Most Patients Don't Meet CV Primary Prevention Treatment Targets: EUROASPIRE V

Marlene Busko

December 20, 2018

DUBAI, United Arab Emirates — Fewer than half of patients receiving therapy for hypertension, dyslipidemia, or diabetes in primary care practices, mainly in Europe, meet guideline treatment targets for primary prevention of cardiovascular disease (CVD), suggests a new analysis from the EUROASPIRE V survey.

"It is disappointing," Kornelia Kotseva, MD, PhD, told theheart.org | Medscape Cardiology in an email, that "fewer than half of patients on antihypertensive and lipid-lowering medications had blood pressure and LDL cholesterol controlled, and fewer than two thirds of patients with diabetes reached their HbA1C targets."

It's concerning, she said, "that there was no improvement of lifestyle management with high prevalence of obesity and central obesity," with "only about a third of high-CVD-risk patients reaching their targets" for physical activity.

Kotseva, of the National Heart and Lung Institute, Imperial College London, United Kingdom, is EUROASPIRE V steering committee chair. She presented the findings here at the World Congress of Cardiology & Cardiovascular Health. They are similar to results from the previous EUROASPIRE IV survey.

Kotseva urged primary care providers to be more proactive. General practitioners "need to go beyond treating the risk factors they know about," she said in a press release on the analysis issued by the European Society of Cardiology (ESC). They should "always investigate smoking, obesity, unhealthy diet, physical inactivity, blood pressure, cholesterol, and diabetes. In our study, many participants with high blood pressure and cholesterol were not being treated."

Data that indicate so few people are meeting primary prevention targets "are always shocking when you first look at them, though whenever investigators look, similar patterns of undertreatment of risk factors are seen," Deepak L. Bhatt, MD, MPH, Brigham and Women's Hospital and Harvard Medical School, Boston, Massachusetts, said to theheart.org | Medscape Cardiology in an email.

"This is true globally, including in the USA," said Bhatt, who was not present for Kotseva's presentation of EUROASPIRE V. "The solution starts with lifestyle recommendations on a population level, with medical therapy, often generic, targeting higher-risk primary-prevention patients," he said.

"These results suggest that the cardiovascular epidemic is not going away any time soon," he continued. "We have to do better in terms of control of cardiovascular risk factors, so-called primary prevention."

More than that, he said, "We need to step back and try to do better in primordial prevention — that is, preventing the development of risk factors in the first place."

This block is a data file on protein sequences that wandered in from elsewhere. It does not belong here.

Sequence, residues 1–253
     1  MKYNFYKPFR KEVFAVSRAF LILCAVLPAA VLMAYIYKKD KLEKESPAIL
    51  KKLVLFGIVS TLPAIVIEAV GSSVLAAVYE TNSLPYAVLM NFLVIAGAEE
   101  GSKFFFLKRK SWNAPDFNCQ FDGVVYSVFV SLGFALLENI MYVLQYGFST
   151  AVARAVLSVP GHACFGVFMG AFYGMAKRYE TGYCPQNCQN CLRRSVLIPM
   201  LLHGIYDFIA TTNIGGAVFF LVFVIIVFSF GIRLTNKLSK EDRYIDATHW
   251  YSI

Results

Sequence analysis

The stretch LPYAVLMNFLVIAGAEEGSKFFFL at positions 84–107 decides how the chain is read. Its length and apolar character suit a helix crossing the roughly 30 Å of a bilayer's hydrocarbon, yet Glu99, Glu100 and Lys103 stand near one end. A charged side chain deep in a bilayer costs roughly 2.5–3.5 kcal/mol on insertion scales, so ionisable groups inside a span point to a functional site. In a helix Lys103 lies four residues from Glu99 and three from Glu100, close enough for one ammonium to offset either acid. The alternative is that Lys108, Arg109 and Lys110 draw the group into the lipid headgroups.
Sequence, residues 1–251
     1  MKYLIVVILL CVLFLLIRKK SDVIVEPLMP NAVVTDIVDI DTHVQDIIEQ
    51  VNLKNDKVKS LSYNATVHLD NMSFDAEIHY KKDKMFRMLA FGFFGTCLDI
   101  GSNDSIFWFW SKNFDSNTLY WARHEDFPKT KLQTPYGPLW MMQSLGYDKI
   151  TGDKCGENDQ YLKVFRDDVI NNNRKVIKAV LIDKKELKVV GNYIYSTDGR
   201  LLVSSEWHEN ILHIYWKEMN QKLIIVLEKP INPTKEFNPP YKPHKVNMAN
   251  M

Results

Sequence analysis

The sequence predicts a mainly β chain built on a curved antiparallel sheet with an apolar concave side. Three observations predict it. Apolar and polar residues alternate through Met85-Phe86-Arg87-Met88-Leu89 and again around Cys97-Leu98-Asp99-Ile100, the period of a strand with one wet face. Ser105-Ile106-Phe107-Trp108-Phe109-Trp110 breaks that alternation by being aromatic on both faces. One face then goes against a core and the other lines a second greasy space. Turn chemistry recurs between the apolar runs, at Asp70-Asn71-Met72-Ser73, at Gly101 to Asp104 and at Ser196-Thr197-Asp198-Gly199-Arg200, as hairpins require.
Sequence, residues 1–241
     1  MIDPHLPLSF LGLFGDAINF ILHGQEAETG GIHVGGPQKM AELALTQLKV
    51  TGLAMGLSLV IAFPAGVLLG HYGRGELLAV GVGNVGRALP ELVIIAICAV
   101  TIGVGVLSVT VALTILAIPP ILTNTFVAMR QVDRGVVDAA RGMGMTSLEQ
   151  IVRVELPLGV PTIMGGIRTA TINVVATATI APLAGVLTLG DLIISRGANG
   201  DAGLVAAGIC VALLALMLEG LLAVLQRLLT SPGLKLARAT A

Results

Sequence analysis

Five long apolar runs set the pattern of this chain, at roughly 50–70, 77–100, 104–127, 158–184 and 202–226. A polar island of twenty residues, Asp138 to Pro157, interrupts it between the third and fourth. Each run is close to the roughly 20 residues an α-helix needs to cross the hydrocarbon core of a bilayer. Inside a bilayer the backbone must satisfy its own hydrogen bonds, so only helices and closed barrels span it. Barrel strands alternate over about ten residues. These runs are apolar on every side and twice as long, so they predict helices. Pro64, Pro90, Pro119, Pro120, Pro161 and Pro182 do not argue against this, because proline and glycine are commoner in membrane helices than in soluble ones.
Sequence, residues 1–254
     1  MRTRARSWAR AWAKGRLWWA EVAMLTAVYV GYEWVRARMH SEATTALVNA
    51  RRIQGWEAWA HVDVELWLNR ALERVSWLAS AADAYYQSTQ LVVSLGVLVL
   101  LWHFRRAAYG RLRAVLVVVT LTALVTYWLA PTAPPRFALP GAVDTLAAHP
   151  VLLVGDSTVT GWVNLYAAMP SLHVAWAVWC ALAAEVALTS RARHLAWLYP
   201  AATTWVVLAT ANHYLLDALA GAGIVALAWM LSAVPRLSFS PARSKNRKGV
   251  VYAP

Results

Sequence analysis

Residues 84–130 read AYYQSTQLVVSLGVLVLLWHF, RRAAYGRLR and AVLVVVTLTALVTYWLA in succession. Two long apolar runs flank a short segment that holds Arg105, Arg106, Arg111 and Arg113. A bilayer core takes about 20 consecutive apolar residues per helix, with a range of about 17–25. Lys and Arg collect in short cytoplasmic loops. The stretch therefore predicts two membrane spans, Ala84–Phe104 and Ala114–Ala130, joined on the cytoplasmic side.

The primary prevention arm of EUROASPIRE V aimed to determine whether lifestyle and risk-marker targets for people at high risk of developing CVD — as recommended by the Sixth Joint European Societies guideline on CVD prevention, published in 2016 — were being met in everyday clinical practice.

The survey included 2759 adult patients younger than 80 years (mean age, 59 years; 58% women) who had been prescribed medication to treat hypertension, dyslipidemia, or diabetes within the past 6 months to 2 years. They were seen at 78 primary care centers in Bosnia and Herzegovina, Bulgaria, Croatia, the Czech Republic, Egypt, Greece, Kazakhstan, Kyrgyzstan, Lithuania, Poland, Portugal, Romania, Russia, Sweden, Ukraine, and the United Kingdom during 2017 and 2018.

About 37% were overweight, with a body mass index (BMI) 25 to 29.9 kg/m2; 44% were obese (BMI >30 kg/m2); and 64% had central obesity (waist circumference ≥88 cm for women, ≥102 cm for men).

About 18% smoked, and 36% reported that they were regularly physically active for at least 30 minutes five times a week.

Among those who were receiving antihypertensive drug therapy, 47% achieved the recommended blood pressure target of <140/90 mmHg or, for those with diabetes, <140/85 mmHg.

Most patients taking antihypertensives were receiving one or two agents (42% and 34%, respectively); 18% were receiving three agents; and 6% were taking at least four agents.

Similarly, among patients who had been prescribed a lipid-lowering agent, only 43% attained the recommended LDL-cholesterol target of <2.5 mmol/L. Such therapy consisted of statins in 97% of patients and fibrates in 3%; none were taking proprotein convertase subtilisin/kexin type 9 (PCSK9) inhibitors.

The overall poor control of blood pressure and lipid levels was likely due to multiple factors, including low-dose prescriptions, inadequate up-titration, poor patient adherence, and therapeutic inertia — that is, failure of physicians to initiate or intensify therapy when therapeutic targets were not reached, Kotseva said.

Among the 36% of patients with self-reported type 2 diabetes, 57% were being treated with diet drugs. An overlapping 79% were being treated with oral antidiabetic drugs, and 14% were receiving insulin. Only 65% attained the recommended HBA1C level of <7%.

"More efforts must be taken to improve cardiovascular prevention in apparently healthy people at high CVD risk," Kotseva concluded.

EUROASPIRE V was conducted under the auspices of the ESC EURObservational Research Programme. The survey was supported through research grants to the ESC from Amgen, Elli Lilly, Ferrer, NovoNordisk, Pfizer, and Sanofi. Dr Kotseva has received funding from the ESC.

World Congress of Cardiology & Cardiovascular Health: December 7, 2018.

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